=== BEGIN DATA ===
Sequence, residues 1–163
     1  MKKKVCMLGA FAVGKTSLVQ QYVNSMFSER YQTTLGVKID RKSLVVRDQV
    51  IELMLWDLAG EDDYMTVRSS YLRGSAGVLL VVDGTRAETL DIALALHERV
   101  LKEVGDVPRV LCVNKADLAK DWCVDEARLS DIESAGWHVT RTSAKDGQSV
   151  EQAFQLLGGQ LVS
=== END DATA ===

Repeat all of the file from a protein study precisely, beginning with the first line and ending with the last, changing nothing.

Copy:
Sequence, residues 1–163
     1  MKKKVCMLGA FAVGKTSLVQ QYVNSMFSER YQTTLGVKID RKSLVVRDQV
    51  IELMLWDLAG EDDYMTVRSS YLRGSAGVLL VVDGTRAETL DIALALHERV
   101  LKEVGDVPRV LCVNKADLAK DWCVDEARLS DIESAGWHVT RTSAKDGQSV
   151  EQAFQLLGGQ LVS